My husband has been over the road for more than a decade, and it is due to the blessing of technology that we are able to talk each day for at least an hour, which is perhaps more than many couples do who come home to each other after close of business. We send pictures, jokes, texts, and now that we both have IPhones, sometimes we do Face Time, which lets us see each other as though we were on Skype. Face Time at times is painful, because the camera’s view of yours truly is not exactly kind, but getting a chance to see my honey’s beard that threatens to take over the planet, as well as his twinkling blue eyes that swept me off my feet long ago make the harsh reality of what is captured by the camera on his end more than worth it.
Recently he was in El Paso, and snapped a picture of the orphanage on the Ciudad Juarez, Mexico side where we used to live and work. On the top of the mesa where the orphanage is located were two tiny bumps that would be indistinguishable to the eyes of most, but I knew they were some of the buildings he had helped to construct while we lived there. I texted him and said, “Makes me miss it and you, all in a good way.” “Me too you,” he texted back.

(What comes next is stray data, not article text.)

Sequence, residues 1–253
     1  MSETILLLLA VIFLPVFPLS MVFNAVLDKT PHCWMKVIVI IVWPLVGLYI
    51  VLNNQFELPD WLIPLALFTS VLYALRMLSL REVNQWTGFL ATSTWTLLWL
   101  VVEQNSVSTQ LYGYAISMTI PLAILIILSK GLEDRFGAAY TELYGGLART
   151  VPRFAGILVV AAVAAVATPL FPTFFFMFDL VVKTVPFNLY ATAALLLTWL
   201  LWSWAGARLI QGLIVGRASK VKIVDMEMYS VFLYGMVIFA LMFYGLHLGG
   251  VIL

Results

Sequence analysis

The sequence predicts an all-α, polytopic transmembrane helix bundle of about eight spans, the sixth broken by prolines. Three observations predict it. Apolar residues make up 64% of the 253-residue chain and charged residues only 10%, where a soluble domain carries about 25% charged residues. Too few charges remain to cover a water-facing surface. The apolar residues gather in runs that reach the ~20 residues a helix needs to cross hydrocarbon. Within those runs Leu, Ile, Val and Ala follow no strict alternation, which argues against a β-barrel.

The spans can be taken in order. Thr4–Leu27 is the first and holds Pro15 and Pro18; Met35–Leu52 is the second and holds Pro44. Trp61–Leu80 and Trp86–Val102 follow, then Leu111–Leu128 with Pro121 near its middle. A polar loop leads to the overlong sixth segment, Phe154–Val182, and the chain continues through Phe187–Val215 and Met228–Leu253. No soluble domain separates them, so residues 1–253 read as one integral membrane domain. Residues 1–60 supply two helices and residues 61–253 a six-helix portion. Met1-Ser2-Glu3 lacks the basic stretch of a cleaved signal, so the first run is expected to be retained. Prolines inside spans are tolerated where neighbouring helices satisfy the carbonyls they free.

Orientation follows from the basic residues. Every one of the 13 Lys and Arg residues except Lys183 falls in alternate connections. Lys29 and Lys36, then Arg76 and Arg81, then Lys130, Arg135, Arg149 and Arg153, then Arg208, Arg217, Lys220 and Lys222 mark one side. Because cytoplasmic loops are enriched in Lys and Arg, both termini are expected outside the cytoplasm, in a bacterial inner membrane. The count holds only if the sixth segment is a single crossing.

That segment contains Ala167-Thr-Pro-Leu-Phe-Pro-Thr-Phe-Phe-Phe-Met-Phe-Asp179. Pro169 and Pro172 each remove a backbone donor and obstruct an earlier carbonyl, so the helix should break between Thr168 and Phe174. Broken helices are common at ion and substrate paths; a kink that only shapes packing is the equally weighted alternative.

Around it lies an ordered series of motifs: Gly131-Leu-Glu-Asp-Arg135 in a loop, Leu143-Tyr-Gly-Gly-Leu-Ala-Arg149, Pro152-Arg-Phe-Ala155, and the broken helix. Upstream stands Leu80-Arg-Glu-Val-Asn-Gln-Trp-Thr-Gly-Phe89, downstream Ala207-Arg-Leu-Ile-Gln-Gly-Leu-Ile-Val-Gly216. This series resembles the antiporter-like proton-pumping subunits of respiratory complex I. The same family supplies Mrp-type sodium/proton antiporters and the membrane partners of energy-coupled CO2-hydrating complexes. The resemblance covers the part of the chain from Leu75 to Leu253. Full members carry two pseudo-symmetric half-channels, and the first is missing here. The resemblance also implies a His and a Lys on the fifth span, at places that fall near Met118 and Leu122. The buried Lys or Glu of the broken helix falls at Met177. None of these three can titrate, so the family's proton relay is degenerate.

Not much later we were talking on the phone as he was further on down a two lane, (or “skinny road,” in Trucker Speak,) out in the middle of absolute nowhere, heading toward Marfa, TX, when I heard him say, “What the heck is that? Hon, I just drove by this building that is out on the edge of the desert with the word Prada on the front, about 12 shoes (not pairs) in the window, a woman in a white burqa who got out of her car to look at the front of the building, and two guys across the road taking pictures.” On his way back he was able to snap a pic, and when it was safe to do so, sent it to me.
“Good night nurse,” I thought, and decided to see if there was any trace of it on the Internet. Sure enough, Prada Marfa has been there since 2005, is a commissioned piece of pop art, cost 80,000 dollars to produce, has been vandalized, restored, and the subject of litigation. Not bad for a few shoes! It is the proof that you are getting close to Marfa, where there is now new life blood flowing in the town’s veins because some artists decided that this would be just the place to make a new Taos or Santa Fe. Oh, and did I mention that the project was privately funded, and not the red headed step child of the National Endowment for the Arts?
What makes this even more fun is that the townspeople are mostly grizzled old ranchers that have been slugging it out in the desert for generations, and now they are peacefully coexisting with the artists. Strange bedfellows, no doubt, but the point is that someone came up with a wacky, whimsical idea, paid for it themselves, revitalized a town, brought unity between the “un-likelies,” and now there is a whole new reason to endure the infernal question, “Are we there yet?” Not bad, not bad at all.
By: Ali Elizabeth Turner